EuroPython 2011: Simon Willison on Challenges in developing a large Django site

Links: talk description and video and slides.


Simon Willison is the co-founder lanyrd.com, a social website for conferences.

Tips and tricks

Signing (from 1.4, currently in trunk)

Using cryptographic signing for various things can ensure that they haven't been tampered with, for instance a cookie or an unsubscribe link. If you encrypt your session cookies you don't have to hit the database anymore, you just need to check the proper signed cookie.

The speaker showed a couple of short code examples to demonstrate how simple it is to use, and how the interface is consistent with the other serialisation interfaces.

from django.core import signing
signing.dumps({"foo": "bar"})  # url safe
signing.loads(string)

cache_version

This is another way to do cache invalidation. You add a cache_version field to the model, that is incremented when calling the save() hook or a touch() method. In the template cache fragment, you use the primary key and the cache_version to invalidate.

You can also mass invalidate by updating the cache version of objects.all() using F() -- example from the slides:

topic.conferences.all().update(
    cache_version = F('cache_version') + 1
)

noSQL for denormalisation

Use noSQL to denormalise and keep the database and the cache/nosql in sync. It's more work but it's worth it.

For instance they use Redis sets to maintain lists such as username-follows, europython-attendees and then they simply need to do a set intersection to get the information they want. These are only lists of ids so they don't take that much space.

Hashed static asset filenames in CloudFront

They created a management command to push static assets, that compresses Javascript, changes the names/urls, etc. This way they can publish them in advance, and also keep static files around if there's a need to rollback. The different names are also good to prevent Internet Explorer caching.

Challenges

This part of the talk is about things they don't really have answers for.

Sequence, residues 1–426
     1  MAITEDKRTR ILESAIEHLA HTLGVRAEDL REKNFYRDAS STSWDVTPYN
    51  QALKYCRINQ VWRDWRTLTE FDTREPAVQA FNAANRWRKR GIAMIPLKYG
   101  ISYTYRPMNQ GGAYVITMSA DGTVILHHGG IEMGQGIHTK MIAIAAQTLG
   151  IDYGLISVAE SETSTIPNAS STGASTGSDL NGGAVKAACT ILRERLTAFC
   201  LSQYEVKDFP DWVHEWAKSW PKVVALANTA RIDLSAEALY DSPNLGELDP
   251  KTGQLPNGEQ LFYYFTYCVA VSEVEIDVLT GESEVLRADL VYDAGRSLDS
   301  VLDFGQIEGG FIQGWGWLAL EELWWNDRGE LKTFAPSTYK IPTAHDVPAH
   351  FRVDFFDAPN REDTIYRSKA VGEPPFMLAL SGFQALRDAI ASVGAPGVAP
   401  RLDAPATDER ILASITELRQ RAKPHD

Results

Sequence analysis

HTTP Requests

e.g. talking to an API: what if it fails or take 30 seconds? Do you use urllib? What if people enter private urls from within your Intranet? :O

You have to handle connection timeouts, logging and profiling, url validation, and http caching. All of these are a common set of problems that should be baked into the framework.

Profiling and debugging production problems

Debugging in development rocks, with the django-debug-toolbar, the way error 500 are handled, pdb, etc.

Once you turn debug to False, you're blind. After a while, all the bugs, particularly performance bugs, only happen in production.

He showed us a code snippet for a UserBasedExceptionMiddleware, that if you access the page throwing a 500 error and is_superuser is True, you will see a traceback, not the default 500 error (so if one of your users reports a problem, you can go to the page straight off and see a traceback).

At the database level, there is a handy tool called mysql-proxy that is customisable using Lua. Using a wonderful, horribly documented library called log.lua, you can for instance turn on logging for a couple of minutes when needed.

He created an app called django_instrumented (unreleased, until it's cleaned up) that collects statistics and sticks them into memcached. He has a special bookmark to access them, they are stored for 5 minutes only  -- so they waste neither space or time.

This actually helped improve the performance: if you measure something and make it visible, people will improve it over time.

0 downtime deployments

Code-wise it's easy enough to do, but when there are database changes it's tougher. Ideally they try to make schema changes backwards compatible, then use ./manage.py migrate (using South) on another web server.

Having a read-only mode made a lot of problems easier! It's not 0 downtime but the content is still readable. It can be a setting or a Redis key.

Feature flags work in the same way but at a more fine-grained level, for instance turning off search while you update your solr cluster. There's quite a bit more work involved.

One lesson we keep on learning in Django

We went from one database to multi-databases, from one cache to multi-caches, from one haystack backend to multiple backends.

Debug is one single setting, that affects a lot of things.

The timezone setting also affects Apache log files.

The middleware concept is very powerful, but is executed on every single request: if there's a conditional it has to be done within the middleware.

Really, global settings should be flushed out of the project! They are evil settings that cannot be changed at runtime.


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